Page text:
President Trump and a bevy of top White House officials praised the tax reform bill unveiled November 2 by House Republicans for its overarching policy ideas as well as specific provisions.
White House National Economic Council Director Gary Cohn said that the bill meets the president’s key objectives of tax relief for middle-income taxpayers and a much lower business tax rate, despite controversial provisions such as the partial repeal of the state and and local tax deduction.
“This is a bill that the president can support,” Cohn said, speaking onstage at an event hosted by the Economic Club of Washington, D.C.
Asked if he thought the bill had sufficient support in the House to pass, Cohn initially deflected the question, saying that the bill “just dropped this morning.” But he continued, “I am confident . . . [House Speaker Paul D. Ryan, R-Wis.] will be able to deliver a bill out of the House.”
Treasury Secretary Steven Mnuchin likewise praised the plan as a “bold, pro-growth bill that will overhaul our nation’s tax code.”
President Trump was no less enthusiastic, describing the bill as an “incredible plan to cut taxes” just prior to a meeting that afternoon with Republican members of the House Ways and Means Committee and other Republican congressional leaders at the White House. Trump showered praise on the lawmakers, calling out several by name, saying that they make “a really great team,” and adding, “We'll be with you all the way, 100 percent.”
Members of the Trump administration also praised specific provisions in the tax bill. Mnuchin highlighted the proposed 25 percent top rate for passthrough businesses while speaking in Los Angeles to the International Franchise Association. He said the passthrough rate would be the “lowest top rate for small and medium-sized businesses in more than 80 years” and would “make it easier to start your own business and easier to be your own boss.”
In addition, the 20 percent corporate tax rate, combined with a shift to a territorial system and a temporary allowance for full expensing, will lead to higher economic growth, which in turn will yield more revenue that can be used to pay down the debt, Mnuchin said. Tax simplification and tax cuts for individuals, meanwhile, would boost Americans’ take-home pay and increase labor force participation, he said.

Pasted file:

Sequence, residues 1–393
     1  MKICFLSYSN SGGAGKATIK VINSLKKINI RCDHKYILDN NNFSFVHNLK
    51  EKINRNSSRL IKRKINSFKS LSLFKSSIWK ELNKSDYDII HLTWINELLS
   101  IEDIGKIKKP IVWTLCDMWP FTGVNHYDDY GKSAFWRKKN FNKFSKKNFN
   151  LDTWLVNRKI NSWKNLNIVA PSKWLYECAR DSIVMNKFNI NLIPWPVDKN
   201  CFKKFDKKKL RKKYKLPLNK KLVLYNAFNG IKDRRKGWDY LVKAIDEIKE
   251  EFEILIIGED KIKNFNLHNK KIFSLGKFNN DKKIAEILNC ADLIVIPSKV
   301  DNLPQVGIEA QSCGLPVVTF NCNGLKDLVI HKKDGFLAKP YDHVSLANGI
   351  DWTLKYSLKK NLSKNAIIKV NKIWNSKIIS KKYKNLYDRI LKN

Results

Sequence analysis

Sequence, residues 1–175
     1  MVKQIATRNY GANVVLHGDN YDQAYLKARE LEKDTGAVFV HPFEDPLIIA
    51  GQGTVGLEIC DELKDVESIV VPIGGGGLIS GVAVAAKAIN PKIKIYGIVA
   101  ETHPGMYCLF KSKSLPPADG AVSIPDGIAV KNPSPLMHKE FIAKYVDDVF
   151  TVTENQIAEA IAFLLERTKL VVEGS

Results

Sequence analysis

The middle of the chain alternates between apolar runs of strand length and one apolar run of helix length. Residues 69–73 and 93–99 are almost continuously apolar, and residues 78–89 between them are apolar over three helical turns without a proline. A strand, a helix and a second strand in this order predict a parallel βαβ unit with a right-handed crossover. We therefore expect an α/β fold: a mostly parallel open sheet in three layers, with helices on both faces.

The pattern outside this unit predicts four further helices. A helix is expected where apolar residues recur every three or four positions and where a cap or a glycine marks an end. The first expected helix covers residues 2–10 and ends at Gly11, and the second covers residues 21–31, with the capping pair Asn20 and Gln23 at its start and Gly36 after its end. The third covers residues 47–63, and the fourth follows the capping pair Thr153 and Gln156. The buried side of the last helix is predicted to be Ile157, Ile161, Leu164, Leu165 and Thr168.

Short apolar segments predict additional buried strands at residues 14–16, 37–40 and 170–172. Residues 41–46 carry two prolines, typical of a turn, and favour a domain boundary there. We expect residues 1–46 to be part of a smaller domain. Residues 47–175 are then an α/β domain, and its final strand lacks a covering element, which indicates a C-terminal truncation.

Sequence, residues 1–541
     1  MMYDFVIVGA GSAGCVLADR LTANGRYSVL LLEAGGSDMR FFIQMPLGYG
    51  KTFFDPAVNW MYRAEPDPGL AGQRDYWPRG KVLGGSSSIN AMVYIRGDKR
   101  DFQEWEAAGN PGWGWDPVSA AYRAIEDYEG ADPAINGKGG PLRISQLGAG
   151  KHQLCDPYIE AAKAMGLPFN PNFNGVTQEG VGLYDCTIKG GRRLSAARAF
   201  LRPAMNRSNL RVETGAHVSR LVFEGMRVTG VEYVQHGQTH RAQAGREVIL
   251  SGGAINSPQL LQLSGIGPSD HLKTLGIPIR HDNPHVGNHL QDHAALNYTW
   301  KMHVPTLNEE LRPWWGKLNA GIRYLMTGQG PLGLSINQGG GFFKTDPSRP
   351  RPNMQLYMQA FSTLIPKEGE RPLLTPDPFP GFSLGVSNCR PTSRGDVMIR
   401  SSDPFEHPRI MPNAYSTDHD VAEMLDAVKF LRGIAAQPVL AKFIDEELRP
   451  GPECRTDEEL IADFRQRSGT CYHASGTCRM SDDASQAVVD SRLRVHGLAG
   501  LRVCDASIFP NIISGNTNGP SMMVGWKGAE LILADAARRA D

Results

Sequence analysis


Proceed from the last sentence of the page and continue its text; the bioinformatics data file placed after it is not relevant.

Cohn emphasized that although the bill allows for a $1.5 trillion tax cut in accordance with the concurrent fiscal 2018 budget resolution and as scored by the Joint Committee on Taxation, the White House does not believe that tax reform will actually add $1.5 trillion to the debt. Still, he acknowledged, “We have to accept the [JCT] score to get the legislation through.”
“We happen to very strongly believe that we are going to way, way surpass what the score says on the revenue side of the equation,” he added.
Regarding the apparent decision by House taxwriters to abandon a phase-in of the corporate tax rate cuts, Cohn said, “We don’t want people to think about investing in our country – we want you to do it.”
Trump ran through a list of provisions in the bill, stopping to highlight particular ones along the way. Reducing the corporate tax rate to 20 percent is “truly one of the big things in the bill” that will “create tremendous success for companies and jobs.” Shifting from a worldwide to a territorial system likewise is a “tremendous change,” and according to Trump, the inclusion of full expensing is “one of the great sleepers in this bill” that will serve as a “great incentive for everybody to want to be business people.”
The president praised the bill for cutting and simplifying taxes for families, and he urged the Republicans to “have a bill on my desk, hopefully . . . by Thanksgiving.”
Despite a “barnstorming” effort in recent months by the White House to pressure Democratic senators in swing states to join the tax reform effort, Cohn said that the White House was ready to pursue tax reform on a party-line basis only, though it would prefer to have bipartisan support.
Kevin Hassett, chair of the Council of Economic Advisers, said at a November 2 Heritage Foundation event in Washington, “I understand that tax policy in this season appears to have become a partisan issue, but it shouldn’t be.” If the economy needs to be “friendly” to workers, he added, it needs to be friendly to firms.
Asked about the difference between permanent and temporary expensing, Hassett said the greatest positive effect would be from permanent tax changes, but Congress can’t always make changes permanent because of Senate rules, particularly the Byrd rule. “We’re respectful of regular order and looking to see where the profits leave,” he said. If full expensing is in place for five years, give or take, then economic modelers will need to consider how to model that, he said, adding that people will probably act as though full expensing will be renewed.